Client: SOMO Village
Location: Rohnert Park, CA, United States
Completion date: 2022
Curator and Producer
Joel Dean Stockdill
Executive Director of the California Indian Museum & Cultural Center
In 2021, Building 180 was brought on by SOMO Village – a live-work community in Northern California dedicated to sustainable living and community building – to curate and install large-scale public artworks in their outdoor areas. Building 180 curated collaborative partners Joel Dean Stockdill and Yustina Salnikova along with Katy Boynton.
Joel and Yustina installed Sheila, a larger-than-life Dire Wolf, modeled after a prehistoric canine, made of reclaimed steel and decommissioned gutters. They also installed the SOMO Quails, a site-specific commission inspired by the Pomo nation’s mythology. The sculptures represent a family of three quails made of repurposed metal from demolition sites at SOMO Village.
Katy Boynton installed Heartfullness SOMO Village, a steel-mended heart sculpture made of materials sourced locally in her studio and donated reclaimed metal. The sculpture represents mending together the history and beauty of the land with a new community to live, thrive, and prosper.
Building 180 was tasked to curate artists that aligned with SOMO Village’s values of sustainable living. In an effort to bring the community together through large-scale public sculptures, they wanted to share stories, incite reflections, and add meaning to their community.
Joel and Yustina’s site-specific pieces involve research of native endangered species and digging through piles of scrap found locally to implement in their works. The act of recreating a natural species by transforming material that would otherwise go to landfills is an invitation to view our natural world and our consumer behaviors differently. Sheila, the Dire Wolf, is modeled after a prehistoric canine that used to roam this continent. Sheila reminds us of what was on this land before we humans hunted them to extinction. She is located in an area that will soon be a dog park, allowing dogs and their owners to connect to their ancestors in a unique and fun way.
Katy Boynton specializes in large-scale metal sculptures using reclaimed materials. Heartfullness SOMO Village is located at the SOMO Village’s parking lot, the sculpture became a landmark where people “turn at the heart” to park and enjoy everything the community has to offer. The heart became a beautiful welcome sign to visitors.
Creating new public sculptures requires a considerable amount of collaboration amongst all teams. Not only did Building 180 curate the artists for the site, but we also ran the production of the process and installation. We worked very closely with Agata Baker, the design director of SOMO Village.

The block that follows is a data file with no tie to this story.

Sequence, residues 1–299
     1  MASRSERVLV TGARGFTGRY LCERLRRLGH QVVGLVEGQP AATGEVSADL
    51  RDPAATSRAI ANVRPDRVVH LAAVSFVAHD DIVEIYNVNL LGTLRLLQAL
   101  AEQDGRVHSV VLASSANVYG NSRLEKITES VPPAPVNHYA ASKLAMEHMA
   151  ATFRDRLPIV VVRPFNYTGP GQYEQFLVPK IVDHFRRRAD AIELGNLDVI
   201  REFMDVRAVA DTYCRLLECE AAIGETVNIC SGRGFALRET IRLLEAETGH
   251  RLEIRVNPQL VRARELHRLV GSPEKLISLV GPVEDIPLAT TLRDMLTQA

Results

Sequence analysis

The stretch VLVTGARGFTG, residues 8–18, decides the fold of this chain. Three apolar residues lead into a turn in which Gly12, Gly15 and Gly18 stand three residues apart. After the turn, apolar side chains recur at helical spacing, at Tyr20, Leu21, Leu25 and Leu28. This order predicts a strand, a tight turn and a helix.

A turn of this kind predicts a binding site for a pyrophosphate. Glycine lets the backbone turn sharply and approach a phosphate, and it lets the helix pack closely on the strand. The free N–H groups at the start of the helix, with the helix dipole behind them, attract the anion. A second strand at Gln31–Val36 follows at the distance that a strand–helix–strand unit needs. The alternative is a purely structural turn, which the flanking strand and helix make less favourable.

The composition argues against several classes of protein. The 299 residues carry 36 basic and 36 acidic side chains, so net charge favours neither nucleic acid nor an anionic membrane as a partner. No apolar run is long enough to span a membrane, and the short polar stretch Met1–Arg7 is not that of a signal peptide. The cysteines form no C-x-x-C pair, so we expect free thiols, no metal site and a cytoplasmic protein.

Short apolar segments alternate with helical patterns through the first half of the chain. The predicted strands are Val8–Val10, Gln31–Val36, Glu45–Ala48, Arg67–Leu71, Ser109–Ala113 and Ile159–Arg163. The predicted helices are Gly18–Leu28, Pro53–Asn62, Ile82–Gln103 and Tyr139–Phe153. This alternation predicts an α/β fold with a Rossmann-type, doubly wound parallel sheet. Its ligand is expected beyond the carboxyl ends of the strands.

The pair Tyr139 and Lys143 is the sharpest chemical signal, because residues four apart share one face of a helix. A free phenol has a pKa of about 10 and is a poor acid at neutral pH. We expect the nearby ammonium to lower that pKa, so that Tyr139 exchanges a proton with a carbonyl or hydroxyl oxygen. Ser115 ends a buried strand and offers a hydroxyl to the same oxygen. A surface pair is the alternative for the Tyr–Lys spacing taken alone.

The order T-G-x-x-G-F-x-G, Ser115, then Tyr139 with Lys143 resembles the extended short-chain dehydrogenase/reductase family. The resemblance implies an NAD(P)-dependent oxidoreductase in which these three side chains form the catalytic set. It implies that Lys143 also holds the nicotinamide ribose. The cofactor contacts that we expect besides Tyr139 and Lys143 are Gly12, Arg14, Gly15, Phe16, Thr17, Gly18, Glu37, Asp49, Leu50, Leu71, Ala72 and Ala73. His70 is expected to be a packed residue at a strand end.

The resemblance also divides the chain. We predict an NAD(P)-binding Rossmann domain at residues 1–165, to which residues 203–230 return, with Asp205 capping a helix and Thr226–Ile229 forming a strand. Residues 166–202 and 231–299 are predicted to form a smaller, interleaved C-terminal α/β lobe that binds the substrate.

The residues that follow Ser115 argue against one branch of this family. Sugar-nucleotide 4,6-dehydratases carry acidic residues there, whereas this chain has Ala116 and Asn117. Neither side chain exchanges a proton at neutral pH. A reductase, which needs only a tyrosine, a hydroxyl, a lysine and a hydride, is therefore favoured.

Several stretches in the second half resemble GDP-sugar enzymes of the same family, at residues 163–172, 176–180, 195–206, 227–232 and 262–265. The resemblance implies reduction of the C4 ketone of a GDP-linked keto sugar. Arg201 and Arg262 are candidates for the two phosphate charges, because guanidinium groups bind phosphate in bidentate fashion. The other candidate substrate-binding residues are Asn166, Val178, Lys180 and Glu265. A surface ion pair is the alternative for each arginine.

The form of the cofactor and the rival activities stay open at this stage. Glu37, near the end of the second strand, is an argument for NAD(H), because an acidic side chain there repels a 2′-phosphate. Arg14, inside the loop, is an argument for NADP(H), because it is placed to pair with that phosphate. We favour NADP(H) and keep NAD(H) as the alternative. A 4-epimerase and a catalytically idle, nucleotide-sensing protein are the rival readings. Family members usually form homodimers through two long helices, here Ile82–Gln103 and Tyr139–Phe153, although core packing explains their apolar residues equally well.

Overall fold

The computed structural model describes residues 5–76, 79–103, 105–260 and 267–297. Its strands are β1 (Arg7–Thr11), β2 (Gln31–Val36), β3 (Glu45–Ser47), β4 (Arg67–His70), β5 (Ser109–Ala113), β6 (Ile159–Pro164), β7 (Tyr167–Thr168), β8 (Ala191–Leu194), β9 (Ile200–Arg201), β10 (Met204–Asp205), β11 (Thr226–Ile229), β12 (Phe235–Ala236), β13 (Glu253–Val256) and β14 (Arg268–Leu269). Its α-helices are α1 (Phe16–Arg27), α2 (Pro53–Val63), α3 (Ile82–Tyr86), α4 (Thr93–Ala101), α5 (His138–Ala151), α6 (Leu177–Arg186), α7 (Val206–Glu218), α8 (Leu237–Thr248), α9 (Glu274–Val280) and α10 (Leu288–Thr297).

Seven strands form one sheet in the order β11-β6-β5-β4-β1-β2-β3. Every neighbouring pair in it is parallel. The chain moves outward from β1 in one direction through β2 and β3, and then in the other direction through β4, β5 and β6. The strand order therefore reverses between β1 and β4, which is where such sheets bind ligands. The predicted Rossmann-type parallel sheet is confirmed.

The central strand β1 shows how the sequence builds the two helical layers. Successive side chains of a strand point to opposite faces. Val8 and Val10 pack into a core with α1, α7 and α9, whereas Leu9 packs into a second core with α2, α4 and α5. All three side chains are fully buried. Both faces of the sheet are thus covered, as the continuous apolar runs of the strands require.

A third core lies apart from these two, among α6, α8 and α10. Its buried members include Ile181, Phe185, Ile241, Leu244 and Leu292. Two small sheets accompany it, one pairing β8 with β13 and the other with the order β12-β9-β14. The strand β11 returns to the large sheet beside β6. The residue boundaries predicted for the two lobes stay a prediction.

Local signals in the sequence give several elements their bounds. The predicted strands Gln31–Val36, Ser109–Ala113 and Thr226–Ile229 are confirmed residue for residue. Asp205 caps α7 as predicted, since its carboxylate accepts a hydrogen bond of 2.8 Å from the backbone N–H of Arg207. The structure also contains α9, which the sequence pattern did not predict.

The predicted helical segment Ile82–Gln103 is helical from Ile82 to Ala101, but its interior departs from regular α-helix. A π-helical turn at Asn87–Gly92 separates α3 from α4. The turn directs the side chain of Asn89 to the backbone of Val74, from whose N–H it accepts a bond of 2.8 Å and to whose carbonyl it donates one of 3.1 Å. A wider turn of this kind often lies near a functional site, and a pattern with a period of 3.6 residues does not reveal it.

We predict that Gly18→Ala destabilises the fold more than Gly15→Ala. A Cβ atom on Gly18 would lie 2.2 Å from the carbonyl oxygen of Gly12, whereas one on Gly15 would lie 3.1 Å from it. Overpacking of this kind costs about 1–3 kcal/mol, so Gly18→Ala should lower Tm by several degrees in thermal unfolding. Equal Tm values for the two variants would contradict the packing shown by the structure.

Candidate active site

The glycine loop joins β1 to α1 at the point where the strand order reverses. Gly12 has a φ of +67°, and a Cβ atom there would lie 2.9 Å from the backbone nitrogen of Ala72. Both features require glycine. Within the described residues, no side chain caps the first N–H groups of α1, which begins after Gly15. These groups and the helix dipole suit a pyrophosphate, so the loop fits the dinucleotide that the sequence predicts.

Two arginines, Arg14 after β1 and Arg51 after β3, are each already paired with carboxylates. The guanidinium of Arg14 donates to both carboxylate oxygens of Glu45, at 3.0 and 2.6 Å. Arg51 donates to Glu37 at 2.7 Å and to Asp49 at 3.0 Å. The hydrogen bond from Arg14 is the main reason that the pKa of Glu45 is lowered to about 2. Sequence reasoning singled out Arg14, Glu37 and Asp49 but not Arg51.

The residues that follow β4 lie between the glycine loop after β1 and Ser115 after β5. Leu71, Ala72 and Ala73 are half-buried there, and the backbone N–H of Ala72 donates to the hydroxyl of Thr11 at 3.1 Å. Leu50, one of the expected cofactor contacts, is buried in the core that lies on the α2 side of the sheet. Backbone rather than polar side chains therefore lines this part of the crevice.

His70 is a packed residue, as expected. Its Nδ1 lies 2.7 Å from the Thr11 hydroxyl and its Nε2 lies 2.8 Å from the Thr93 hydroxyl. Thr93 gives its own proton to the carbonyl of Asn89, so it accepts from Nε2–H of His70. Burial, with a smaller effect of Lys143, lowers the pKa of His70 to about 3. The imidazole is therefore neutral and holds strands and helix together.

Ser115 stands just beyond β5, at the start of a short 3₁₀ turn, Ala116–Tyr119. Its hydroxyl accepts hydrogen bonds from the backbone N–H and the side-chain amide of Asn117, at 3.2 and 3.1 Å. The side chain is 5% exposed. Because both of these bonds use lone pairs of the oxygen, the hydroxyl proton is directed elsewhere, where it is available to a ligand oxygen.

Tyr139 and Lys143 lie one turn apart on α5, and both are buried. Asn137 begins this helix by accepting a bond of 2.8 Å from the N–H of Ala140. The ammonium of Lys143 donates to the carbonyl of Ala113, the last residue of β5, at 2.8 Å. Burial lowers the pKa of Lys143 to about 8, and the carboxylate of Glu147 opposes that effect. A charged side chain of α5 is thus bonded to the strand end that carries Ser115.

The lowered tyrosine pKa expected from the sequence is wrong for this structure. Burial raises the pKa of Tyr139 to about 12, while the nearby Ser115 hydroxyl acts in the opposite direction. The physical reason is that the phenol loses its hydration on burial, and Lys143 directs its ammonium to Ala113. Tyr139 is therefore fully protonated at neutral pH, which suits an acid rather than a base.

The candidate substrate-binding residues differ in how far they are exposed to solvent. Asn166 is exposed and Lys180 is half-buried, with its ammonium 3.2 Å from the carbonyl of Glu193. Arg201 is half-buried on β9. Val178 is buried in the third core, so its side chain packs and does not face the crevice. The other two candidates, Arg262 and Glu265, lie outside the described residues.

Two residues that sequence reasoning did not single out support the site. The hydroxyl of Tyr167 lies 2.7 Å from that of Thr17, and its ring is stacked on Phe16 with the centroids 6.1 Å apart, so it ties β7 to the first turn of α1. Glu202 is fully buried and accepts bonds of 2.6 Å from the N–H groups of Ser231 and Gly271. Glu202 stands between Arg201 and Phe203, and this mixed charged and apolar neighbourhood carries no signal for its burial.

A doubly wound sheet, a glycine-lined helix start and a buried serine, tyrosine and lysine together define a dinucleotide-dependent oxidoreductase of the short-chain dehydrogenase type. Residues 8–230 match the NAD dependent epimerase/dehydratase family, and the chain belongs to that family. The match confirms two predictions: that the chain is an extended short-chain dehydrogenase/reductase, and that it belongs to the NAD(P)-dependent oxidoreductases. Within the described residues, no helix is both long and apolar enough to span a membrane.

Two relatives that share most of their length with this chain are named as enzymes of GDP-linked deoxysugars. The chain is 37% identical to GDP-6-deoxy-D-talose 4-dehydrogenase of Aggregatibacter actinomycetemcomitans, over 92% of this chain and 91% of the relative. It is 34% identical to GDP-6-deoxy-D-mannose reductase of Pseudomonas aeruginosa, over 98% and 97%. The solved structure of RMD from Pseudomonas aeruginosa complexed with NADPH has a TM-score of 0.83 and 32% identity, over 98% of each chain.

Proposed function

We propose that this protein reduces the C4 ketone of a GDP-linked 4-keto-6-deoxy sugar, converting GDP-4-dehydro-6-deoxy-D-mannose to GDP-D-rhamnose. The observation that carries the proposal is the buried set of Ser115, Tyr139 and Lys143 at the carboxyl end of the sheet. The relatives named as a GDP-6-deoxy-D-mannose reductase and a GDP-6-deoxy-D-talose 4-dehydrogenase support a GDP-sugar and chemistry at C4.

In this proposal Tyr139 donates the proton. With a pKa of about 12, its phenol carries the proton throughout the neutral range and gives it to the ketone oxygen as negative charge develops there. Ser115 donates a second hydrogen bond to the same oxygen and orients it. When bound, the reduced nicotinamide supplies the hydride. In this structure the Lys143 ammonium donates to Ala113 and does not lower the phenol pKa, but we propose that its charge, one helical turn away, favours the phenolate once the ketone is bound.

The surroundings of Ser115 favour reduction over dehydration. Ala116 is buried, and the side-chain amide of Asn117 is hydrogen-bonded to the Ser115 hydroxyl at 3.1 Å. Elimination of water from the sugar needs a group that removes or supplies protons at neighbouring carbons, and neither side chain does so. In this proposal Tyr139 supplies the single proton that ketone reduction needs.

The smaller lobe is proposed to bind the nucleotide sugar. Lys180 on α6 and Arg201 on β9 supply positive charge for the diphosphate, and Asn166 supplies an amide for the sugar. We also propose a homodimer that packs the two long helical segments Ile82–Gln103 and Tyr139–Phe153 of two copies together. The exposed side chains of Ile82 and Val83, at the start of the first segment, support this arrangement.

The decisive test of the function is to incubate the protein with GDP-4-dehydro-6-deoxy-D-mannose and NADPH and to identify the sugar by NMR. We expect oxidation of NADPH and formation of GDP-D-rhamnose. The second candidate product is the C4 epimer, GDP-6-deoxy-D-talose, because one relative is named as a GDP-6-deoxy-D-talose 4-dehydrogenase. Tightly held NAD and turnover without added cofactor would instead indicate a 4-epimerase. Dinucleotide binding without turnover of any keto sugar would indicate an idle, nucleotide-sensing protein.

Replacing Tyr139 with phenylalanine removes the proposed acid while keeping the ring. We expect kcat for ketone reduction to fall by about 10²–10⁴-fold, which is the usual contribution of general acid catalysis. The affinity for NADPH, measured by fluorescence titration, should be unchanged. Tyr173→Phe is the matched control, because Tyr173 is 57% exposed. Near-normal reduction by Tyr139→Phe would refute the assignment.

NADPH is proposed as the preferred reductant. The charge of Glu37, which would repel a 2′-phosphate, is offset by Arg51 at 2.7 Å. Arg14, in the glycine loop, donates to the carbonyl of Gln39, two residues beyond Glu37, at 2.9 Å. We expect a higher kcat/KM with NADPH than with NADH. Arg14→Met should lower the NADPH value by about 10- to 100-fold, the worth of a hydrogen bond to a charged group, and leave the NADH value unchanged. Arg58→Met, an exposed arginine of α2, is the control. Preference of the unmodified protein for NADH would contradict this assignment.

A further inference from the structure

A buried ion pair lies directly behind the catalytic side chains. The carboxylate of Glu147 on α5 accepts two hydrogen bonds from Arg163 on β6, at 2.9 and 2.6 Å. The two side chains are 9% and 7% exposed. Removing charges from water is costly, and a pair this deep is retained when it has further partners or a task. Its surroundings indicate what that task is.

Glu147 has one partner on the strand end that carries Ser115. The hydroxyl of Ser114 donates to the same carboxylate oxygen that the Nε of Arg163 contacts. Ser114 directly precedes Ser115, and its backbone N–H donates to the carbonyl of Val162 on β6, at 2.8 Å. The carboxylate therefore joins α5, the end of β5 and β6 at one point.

SOMO Village's land belongs to the Pomo nation and in considering the design of a site-specific commission, the artists Joel and Yustina collaborated with, Nicole Myers-Lim, a Pomo leader and CEO of the California Indian Museum & Cultural Center, to collectively create a sculpture that resonated with Pomo culture.
After the design process was completed for all artists, we consulted with our structural engineering team in order to ensure that the sculptures were safely constructed and that the footing was poured properly.
We worked with the on-site electricians to run power to the sculptures for integral lighting. Building 180 consulted with the operations team to coordinate heavy equipment and access and ensured that all parties communicated throughout the process for a successful installation.
The commission of the SOMO Quails was a collaborative initiative between the artists, SOMO Village, and the Pomo nation. The project was approached with guidance from Nicole Myers-Lim. Nicole spoke with the artists about the importance of certain animals to the Pomo people and kindly shared many written stories of Pomo mythology and narrative. Many of the stories regarded ‘Quail Woman’ as the most beautiful maiden in the village. Quail is also representative of a sense of home and family. They collectively decided that the quail or the “sak:a:ka” would be a very suitable animal for their project. The sculptures portray the female quail in relationship to her two chicks- each sculpture is depicted looking to its right side, creating a counter-clockwise direction of focus to honor the ceremonial direction of movement in Pomo spirituality. The quails are situated in 3 of the cardinal directions, with the East being left open, inviting the viewer to complete the circle. Collaborating with the Pomo people “was a beautiful opportunity to honor the land and to feel like we are coming in good relationship with the land and its peoples in placing sculptures on land where we are guests on,” says Yustina Salnikova.